Viticulture

From Germany to Heathcote

By Country News

Andreas Greiving has been making wine ever since he was eight years old.

German-born and raised, the chemical engineer developed a love for viticulture and oenology well before he could legally drink.

‘‘I grew up in an agricultural district, but the nearest vineyards were over 200 kilometres away,’’ Mr Greiving said.

‘‘I’d go into the woods and collect wild growing fruit; strawberries, blueberries, gooseberries, and make wine.

‘‘I don’t know where the passion comes from, but I always knew I would own my own vineyard.’’

Mr Greiving was right.

Following a career in engineering and senior management that took him to more than 50 countries, he and his wife Henni came to Australia in 2007.

They have a son, Benjamin, 15.

‘‘Henni and I met in Indonesia,’’ Mr Greiving said.

‘‘She is a dentist and interior designer.’’

When the global financial crisis led to Mr Greiving’s company restructuring, he decided to take a package and come to Australia to pursue winemaking.

‘‘We chose Australia and Heathcote for several reasons,’’ Mr Greiving said.

‘‘First of all you must decide which region is conducive to your style.

‘‘I like to make a good red wine, fruit-driven, full-bodied.

‘‘Although I lived in Cape Town for eight years, South Africa is too unsafe because of affordability and language barriers, Europe was also out of the question.

‘‘We crossed off South America because of language issues too.

‘‘Napa Valley — the cost is astronomical.’’

Mr Greiving said Australia, particularly Heathcote, ‘‘ticked all the boxes’’.

A wine tour, which led to a tasting at Sanguine Estate, sealed the decision.

‘‘Heathcote is such a unique region; it produces premium wine, vineyards are (still) relatively affordable, and the lifestyle can’t be beaten,’’ Mr Greiving said.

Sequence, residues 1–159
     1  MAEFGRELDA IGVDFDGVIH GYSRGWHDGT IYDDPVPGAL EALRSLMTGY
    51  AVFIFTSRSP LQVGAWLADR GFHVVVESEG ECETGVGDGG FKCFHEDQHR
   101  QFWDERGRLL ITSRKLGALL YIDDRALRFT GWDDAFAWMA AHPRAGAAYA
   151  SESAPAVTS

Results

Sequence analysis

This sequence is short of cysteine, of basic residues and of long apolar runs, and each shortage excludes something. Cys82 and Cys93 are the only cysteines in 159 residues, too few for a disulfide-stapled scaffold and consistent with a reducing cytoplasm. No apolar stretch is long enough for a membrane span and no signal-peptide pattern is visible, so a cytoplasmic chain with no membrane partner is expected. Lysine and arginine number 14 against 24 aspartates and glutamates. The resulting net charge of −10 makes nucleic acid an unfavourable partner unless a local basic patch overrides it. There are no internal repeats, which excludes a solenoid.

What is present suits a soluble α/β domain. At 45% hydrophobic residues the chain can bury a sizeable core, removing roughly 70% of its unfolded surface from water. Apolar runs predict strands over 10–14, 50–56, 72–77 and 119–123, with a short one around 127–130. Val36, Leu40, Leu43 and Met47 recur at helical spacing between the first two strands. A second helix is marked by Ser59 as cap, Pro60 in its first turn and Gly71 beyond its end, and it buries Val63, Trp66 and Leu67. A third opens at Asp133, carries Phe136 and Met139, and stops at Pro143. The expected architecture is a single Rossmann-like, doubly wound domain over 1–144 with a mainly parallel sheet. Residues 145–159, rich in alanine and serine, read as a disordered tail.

Although Mr Greiving is not formally trained in viticulture and winemaking, having a background in chemical engineering has helped.

He also credits Mark Hunter of Sanguine Estate as a ‘‘generous and important’’ mentor.

‘‘I learned by doing,’’ Mr Greiving said. ‘‘Listening and learning from the best.’’

Since 2009 Mr Greiving has cultivated a high performing business with a focus on premium brand and product.

While Domaine Asmara services the local market, the focus is export to China.

The vineyard operates on organic principles and is carbon neutral.

‘‘Everything is done by hand,’’ Mr Greiving said.

‘‘I do get some help during picking and pruning, but it’s mostly me.’’

The vineyard is under 12ha and grows durif, cabernet sauvignon, cabernet franc, shiraz and viognier.

Mr Greiving said Domaine Asmara was best known for its shiraz, durif and viognier.

‘‘The opportunity is in the China market, and I’ve been focusing there since 2013.

‘‘Customers seek us out, especially for durif.

‘‘We focus on the development of a premium product and provide superior customer service.’’

Mr Greiving said it was not uncommon to find him doing business with Chinese customers on WeChat during weekends and evenings.

‘‘It’s a seven-day-a-week business. Chinese people tend to start work later in the day and go into the night.

‘‘The app can translate from Mandarin to English.

‘‘You can do business in another language, right here in central Victoria.’’

Mr Greiving said doing business with China was about relationships and referrals.

While it can take several months, even a couple of years to get traction, if you get the mix right (brand, product price and experience) the opportunities are enormous.

He said the medium-term outlook for the Heathcote region was ‘‘very promising’’.

‘‘We’re entering a period of growth,’’ he said.

‘‘From a product life-cycle perspective alone, the next decade, I think, will be exciting.’’

—Vanessa Wiltshire